Apple’s CEO Steve Jobs took $1 salary again in 2003

“Apple Computer Inc. Chief Executive Steven Jobs took a $1 salary in 2003, as he has since 1998, and received $74.75 million in restricted stock in exchange for his outstanding stock options in March 2003,” Reuters reports. “The Cupertino, California company did not pay Jobs, who is also a co-founder of the company, any new stock options or cash bonus in 2003. No other executive received stock options in 2003, Apple said.”

“Jobs began taking a $1 salary one year after he returned to Apple in 1997, aiming to turn around the company he helped found. But over the years, other compensation for Jobs has been criticized, such as stock options and a $90 million jet,” Reuters reports. “The grant of restricted stock, which Jobs received in exchange for cancellation of 27.5 million stock options, vests three years from the date of the grant. The move, which Apple disclosed a year ago, was part of the company’s effort to reduce the percentage of issued stock options as a total of options and shares outstanding.”

Full article here.

30 Comments

  1. $75 million in stocks FAR outweighs his $1 salary. Why not take a $74,499,999 salary and $1 in a split stock? No offense to king jobs, but his perks are WAY to high. If I remember correctly his $90 million plane was followed by articles in various publications claiming that it was one of the biggest executive perks in recent history.

  2. jeff:

    these types of compensation are commonplace for CEO’s and other officers…Jobs adds more value to the company than $100 million a year. As far as I’m concerned Apple is getting him cheap. Your beef might be with the industry as a whole, but as long as Jobs is adding value he’s worth it.

  3. Hey, Steve Jobs has turned Apple around…through innovation, good products, and excellent leadership. Their stock is rising – they’re a debt free company – and Apple has what – 4 or 5 billion in the bank? Out of all the overcompensated executives out there…at least Steve’s doing things right.

  4. The amount of Jobs’ compensation or any other employee’s compensation for that matter shouldn’t be judged by the raw dollar amount but rather the ratio of value added / compensation. Would it be fair if your employer were making billions directly from your work and all they offered you was a $10,000 bonus. No. You would be livid. Why is it so wrong for CEO’s to recieve millions when their companies are earning hundreds of millions. If the share holders have a problem with it then the share holders should take control of the situation and find a CEO that works for less. Remember that you get what you pay for. Share holder apathy is the biggest problem in corporate America and not CEO salaries as some would like you to believe. Shares holders have a fiduciary responsibility to themselves as well as the fiduciary responsibility that executives have to shareholders. If you don’t like how much your employees are getting paid then I ask, why did you agree to pay them that in the first place?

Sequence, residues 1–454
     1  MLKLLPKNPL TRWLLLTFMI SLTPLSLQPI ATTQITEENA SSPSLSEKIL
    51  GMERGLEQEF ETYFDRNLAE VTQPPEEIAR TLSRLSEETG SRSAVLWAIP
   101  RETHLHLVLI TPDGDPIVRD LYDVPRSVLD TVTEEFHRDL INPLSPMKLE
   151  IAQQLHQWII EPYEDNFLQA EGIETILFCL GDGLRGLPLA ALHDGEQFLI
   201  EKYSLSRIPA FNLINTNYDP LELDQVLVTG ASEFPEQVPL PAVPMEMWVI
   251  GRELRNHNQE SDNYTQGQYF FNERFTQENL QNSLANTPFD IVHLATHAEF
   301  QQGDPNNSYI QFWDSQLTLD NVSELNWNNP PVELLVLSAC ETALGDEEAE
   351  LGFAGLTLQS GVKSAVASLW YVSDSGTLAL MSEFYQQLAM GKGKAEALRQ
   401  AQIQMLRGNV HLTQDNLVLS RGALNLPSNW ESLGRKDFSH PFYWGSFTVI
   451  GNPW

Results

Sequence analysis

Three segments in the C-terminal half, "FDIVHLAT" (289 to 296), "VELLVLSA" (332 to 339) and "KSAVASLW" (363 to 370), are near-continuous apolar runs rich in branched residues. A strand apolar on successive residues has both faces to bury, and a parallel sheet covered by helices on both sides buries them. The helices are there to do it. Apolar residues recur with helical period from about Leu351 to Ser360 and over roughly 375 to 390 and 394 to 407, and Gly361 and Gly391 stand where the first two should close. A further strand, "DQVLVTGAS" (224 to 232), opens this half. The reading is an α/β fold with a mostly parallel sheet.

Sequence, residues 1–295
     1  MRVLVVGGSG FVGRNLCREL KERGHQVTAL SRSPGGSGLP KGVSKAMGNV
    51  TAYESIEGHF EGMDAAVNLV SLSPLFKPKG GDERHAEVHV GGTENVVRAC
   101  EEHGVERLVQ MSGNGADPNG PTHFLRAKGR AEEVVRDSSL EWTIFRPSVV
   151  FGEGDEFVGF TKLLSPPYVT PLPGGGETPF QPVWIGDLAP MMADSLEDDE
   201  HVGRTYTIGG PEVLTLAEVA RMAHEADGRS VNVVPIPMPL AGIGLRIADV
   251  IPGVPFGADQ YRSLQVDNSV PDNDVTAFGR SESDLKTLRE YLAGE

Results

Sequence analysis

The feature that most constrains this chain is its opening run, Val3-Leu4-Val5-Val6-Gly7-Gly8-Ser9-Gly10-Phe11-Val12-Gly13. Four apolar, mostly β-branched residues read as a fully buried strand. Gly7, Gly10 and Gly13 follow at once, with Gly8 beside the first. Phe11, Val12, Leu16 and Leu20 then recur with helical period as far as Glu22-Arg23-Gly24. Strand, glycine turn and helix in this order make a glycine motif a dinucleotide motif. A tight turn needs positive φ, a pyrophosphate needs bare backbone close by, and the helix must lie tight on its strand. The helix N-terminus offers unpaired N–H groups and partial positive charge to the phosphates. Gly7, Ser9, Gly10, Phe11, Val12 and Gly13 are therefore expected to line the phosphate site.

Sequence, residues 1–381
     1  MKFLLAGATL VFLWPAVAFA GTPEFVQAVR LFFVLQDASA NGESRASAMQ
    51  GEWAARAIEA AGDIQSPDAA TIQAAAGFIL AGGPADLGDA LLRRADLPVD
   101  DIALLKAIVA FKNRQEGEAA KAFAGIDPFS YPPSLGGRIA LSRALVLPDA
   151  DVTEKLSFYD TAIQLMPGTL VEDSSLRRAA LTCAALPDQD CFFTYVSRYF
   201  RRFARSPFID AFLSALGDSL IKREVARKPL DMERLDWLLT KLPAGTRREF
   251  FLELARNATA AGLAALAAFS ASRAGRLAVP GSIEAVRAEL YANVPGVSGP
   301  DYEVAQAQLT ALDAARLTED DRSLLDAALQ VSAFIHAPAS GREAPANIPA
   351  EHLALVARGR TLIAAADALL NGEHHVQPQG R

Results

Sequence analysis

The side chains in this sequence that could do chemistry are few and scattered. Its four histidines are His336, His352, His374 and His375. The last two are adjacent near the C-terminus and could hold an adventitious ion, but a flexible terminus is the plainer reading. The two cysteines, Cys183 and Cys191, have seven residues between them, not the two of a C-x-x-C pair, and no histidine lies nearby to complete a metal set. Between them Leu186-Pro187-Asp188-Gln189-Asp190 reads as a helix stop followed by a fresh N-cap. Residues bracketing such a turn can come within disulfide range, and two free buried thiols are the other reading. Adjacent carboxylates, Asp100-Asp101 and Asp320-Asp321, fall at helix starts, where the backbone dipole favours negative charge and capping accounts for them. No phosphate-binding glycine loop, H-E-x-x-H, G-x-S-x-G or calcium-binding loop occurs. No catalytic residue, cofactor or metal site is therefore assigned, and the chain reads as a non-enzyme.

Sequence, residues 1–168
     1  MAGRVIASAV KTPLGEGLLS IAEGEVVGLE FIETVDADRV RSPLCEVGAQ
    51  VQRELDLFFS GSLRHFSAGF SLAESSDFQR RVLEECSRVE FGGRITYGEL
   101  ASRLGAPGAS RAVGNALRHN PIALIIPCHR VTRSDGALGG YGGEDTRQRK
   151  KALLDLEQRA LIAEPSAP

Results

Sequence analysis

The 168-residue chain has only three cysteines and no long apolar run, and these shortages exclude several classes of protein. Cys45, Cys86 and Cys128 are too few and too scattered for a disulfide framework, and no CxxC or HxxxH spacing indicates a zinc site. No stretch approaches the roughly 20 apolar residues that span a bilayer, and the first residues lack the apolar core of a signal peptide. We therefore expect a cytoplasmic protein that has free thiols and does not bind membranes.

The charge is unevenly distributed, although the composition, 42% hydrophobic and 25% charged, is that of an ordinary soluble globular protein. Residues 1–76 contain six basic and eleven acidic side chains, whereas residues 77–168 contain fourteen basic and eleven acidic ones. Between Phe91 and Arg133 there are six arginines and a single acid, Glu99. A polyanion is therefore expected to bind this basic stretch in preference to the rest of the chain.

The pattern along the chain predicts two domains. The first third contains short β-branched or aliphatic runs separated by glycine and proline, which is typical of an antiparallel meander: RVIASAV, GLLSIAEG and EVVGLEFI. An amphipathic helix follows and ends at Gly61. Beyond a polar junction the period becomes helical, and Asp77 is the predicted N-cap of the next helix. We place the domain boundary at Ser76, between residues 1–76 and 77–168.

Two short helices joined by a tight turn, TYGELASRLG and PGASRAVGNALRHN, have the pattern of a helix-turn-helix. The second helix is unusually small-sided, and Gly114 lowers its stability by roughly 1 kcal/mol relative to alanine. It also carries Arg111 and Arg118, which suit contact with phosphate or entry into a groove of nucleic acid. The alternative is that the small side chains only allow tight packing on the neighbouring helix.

5. Wait wait… So let me get this straight. Jobs only gets paid $1 a year?? (in addition to stocks and etc) I wonder if he has to worry about filing for taxes and stuff?

  6. re: b “I think he should only have taken $.99”
    HA HA HA HA
    that’s great. i agree too.

    thanks,

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  7. Back when Apple was in a death spiral, every qualified CEO candidate wanted a HUGE golden parachute, (they wanted to get paid to fail!) Steve took the job for $1 a year. He would only make money if he pulled off a miracle, that deserves compensation. If the stock holders want a cheeper CEO (Apple has had three in the recent past) I think Michael Eisner will soon be available.

  8. I believe he deserves those ‘perks’ also. Just checked Apple’s stock at CNN. Right now, Apple’s stock is doing better than Microsoft ($27.64 to $25.52). I don’t when Apple’s stock did better than Microsoft’s.

  9. rockjohnson, I see nothing wrong with CEO’s getting millions if their companies are making hundreds of millions — it’s good for there to be some relationship between the value someone brings to a company and their pay. That said, I think the same needs to be true for *everyone* in the company. If the company’s doing well, *everyone* involved should be rewarded.

    Without knowing the inner workings of Apple, I would hope that’s true of them, at least as much as it is of other companies.

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